Choir Chastised for Singing National Anthem in US Capitol!

Alabama youth choir gets hand slapped for impromptu rendition of the national anthem.

Via WSFA:  Montgomery choir chastised for singing national anthem in U.S. Capitol

Most Americans would agree that singing the national anthem is a symbol of patriotism, but what could possibly be the problem with singing it in the rotunda of the U.S. Capitol?

A Montgomery, Ala. church choir found out the hard way during a trip to the nation’s capital.

The youth choir at Frazer United Methodist Church was on its way to a mission trip in New York when students and their chaperons decided to take a quick stop in Washington, D.C. for a tour.

While in the rotunda of the U.S. Capitol building, the students broke out in song and shared the national anthem with other tourists viewing the historic building.

Security, then told the the students it was against the law to sing without a permit in the building, and that if they sang again they would be asked to leave.

Here’s the deal:  while the emphasis here is on the “Oh my gosh!  How can anyone object to singing the national anthem at the US Capitol?!” the real emphasis should be on “it [is] against the law to sing without a permit in the building.”

The purpose of said law is, at a minimum, to allow visitors and workers in the building to enjoy their visit/work in relative peace.  What would it be like if anyone could decide to sing in the building whenever they wanted?  This would hardly be conducive to the general public being able to enjoy visiting the Capitol.  For goodness sake, what if Roseanne Barr decided she wanted to since the national anthem in the rotunda?

James Joyner noted a similar story last year at the Lincoln Memorial:  Singing National Anthem Illegal?! and had a similar reaction:

If the Park Police allowed YAF kids to sing the Star Spangled Banner, they’d pretty much have to allow anyone to sing or say anything.   And the Memorial would be a cacophony of protesters rather than a national treasure.

Indeed.

FILED UNDER: US Politics
Steven L. Taylor
About Steven L. Taylor
Steven L. Taylor is a Professor of Political Science and a College of Arts and Sciences Dean. His main areas of expertise include parties, elections, and the institutional design of democracies. His most recent book is the co-authored A Different Democracy: American Government in a 31-Country Perspective. He earned his Ph.D. from the University of Texas and his BA from the University of California, Irvine. He has been blogging since 2003 (originally at the now defunct Poliblog). Follow Steven on Twitter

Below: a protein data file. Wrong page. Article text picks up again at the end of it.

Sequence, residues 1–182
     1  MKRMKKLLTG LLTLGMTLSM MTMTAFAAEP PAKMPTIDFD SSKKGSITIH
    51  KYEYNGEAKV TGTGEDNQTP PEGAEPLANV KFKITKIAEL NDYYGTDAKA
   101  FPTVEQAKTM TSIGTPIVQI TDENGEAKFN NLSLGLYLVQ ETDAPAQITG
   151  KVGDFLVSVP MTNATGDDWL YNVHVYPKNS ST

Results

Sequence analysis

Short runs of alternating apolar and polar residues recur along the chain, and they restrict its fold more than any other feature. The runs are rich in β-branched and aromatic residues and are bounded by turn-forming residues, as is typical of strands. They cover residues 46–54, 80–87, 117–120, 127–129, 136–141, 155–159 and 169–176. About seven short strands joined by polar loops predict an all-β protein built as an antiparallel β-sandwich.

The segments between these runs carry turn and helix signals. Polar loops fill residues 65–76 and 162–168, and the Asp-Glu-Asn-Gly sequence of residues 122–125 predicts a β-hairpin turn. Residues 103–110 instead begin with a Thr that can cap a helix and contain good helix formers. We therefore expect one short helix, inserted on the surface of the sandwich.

Comments

  1. Boyd says:

    Not to mention that, upon hearing a choir singing the National Anthem, one should stop, cover one’s heart with the right hand, and face a US flag, if visible, or the source of the music if not, until the completion of the song.

    I get the “time, manner and place” stuff, but I still don’t have to like it!

  2. CourageMan says:

    “If the Park Police allowed YAF kids to sing the Star Spangled Banner, they’d pretty much have to allow anyone to sing or say anything.”

    And that’s the problem in a nutshell — the absurd belief that TPM restrictions and other forms of censorship should be (or can ever be) content-neutral.

  3. Bleev K says:

    Slow news day…

  4. Tano says:

    the absurd belief that TPM restrictions and other forms of censorship should be (or can ever be) content-neutral.

    Its called the equal application of the laws, and is a fundamental principle, not an absurdity.

  5. MarkedMan says:

    Courageman, I think your comment pre-supposes that people with the same values as you will choose what is “good” content and what is “bad”. My own philosophy is that it is best to keep the government out of those decisions as much as is practical.

  6. Tsar Nicholas says:

    Well, if it had been a flag-burning group then the Internet left would be OK with it, regardless whether the proper permitting were in place. The irony of course is that Internet leftists would not be able even to grasp that irony.

    That said, as for this particular item, it’s really much ado about nothing. The adults in charge of the choir group should have been more aware of their surroundings. The Capitol security people temporarily should have flicked on their common sense switches and been more lenient. In any event the rest of us should not blow gaskets about it.

  7. michael reynolds says:

    I love the way Tsar argues with straw men of his own imagination. So much easier to win that way.

  8. Doubter says:

    Michael – Exactly. I looked at that comment and was WTF?
    Do people not thing making comments like that just not see that it makes them look like an ass?
    It’s frustrating – and if one is trolling at least do it well.